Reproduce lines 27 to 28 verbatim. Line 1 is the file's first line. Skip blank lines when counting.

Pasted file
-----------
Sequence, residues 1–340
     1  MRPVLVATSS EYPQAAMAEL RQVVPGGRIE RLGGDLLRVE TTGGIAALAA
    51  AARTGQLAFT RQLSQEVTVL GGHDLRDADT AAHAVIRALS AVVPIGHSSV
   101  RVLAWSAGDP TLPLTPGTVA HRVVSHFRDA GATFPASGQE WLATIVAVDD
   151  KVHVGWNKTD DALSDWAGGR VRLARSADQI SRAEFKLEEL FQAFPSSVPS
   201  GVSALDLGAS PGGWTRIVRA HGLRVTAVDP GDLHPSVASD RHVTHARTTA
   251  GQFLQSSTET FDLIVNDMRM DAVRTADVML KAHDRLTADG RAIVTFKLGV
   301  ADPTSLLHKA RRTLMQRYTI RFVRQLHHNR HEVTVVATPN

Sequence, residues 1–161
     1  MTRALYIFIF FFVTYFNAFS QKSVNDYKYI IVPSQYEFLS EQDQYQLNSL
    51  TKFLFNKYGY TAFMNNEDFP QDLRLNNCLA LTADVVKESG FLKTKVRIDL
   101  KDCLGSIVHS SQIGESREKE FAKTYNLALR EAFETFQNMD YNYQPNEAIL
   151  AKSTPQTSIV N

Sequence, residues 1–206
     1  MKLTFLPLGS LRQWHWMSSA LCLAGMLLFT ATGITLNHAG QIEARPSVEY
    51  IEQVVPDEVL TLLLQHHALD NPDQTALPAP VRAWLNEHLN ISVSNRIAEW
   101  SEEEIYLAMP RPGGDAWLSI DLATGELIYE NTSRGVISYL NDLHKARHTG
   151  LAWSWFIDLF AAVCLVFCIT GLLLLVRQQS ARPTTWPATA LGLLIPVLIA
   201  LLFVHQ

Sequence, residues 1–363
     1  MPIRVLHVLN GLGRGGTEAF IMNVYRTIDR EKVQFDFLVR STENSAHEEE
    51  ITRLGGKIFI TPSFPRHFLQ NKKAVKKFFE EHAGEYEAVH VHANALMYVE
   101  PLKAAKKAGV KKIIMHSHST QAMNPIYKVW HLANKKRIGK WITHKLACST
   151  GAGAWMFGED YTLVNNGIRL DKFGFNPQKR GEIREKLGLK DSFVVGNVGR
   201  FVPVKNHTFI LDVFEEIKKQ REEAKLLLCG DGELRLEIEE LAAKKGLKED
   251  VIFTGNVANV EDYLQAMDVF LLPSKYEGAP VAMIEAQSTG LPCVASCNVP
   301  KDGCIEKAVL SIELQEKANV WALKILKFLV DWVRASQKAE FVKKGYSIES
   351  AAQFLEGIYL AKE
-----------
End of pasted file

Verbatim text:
   301  KDGCIEKAVL SIELQEKANV WALKILKFLV DWVRASQKAE FVKKGYSIES
   351  AAQFLEGIYL AKE